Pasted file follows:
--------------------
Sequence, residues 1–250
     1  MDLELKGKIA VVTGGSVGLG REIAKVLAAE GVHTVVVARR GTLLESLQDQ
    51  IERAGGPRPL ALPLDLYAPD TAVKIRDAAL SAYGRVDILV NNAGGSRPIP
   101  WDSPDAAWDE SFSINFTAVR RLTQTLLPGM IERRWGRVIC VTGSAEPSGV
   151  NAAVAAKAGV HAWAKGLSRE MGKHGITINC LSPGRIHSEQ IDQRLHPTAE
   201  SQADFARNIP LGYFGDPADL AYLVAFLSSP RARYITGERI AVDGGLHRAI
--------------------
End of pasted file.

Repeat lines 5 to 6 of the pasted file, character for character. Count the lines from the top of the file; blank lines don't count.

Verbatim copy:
   151  NAAVAAKAGV HAWAKGLSRE MGKHGITINC LSPGRIHSEQ IDQRLHPTAE
   201  SQADFARNIP LGYFGDPADL AYLVAFLSSP RARYITGERI AVDGGLHRAI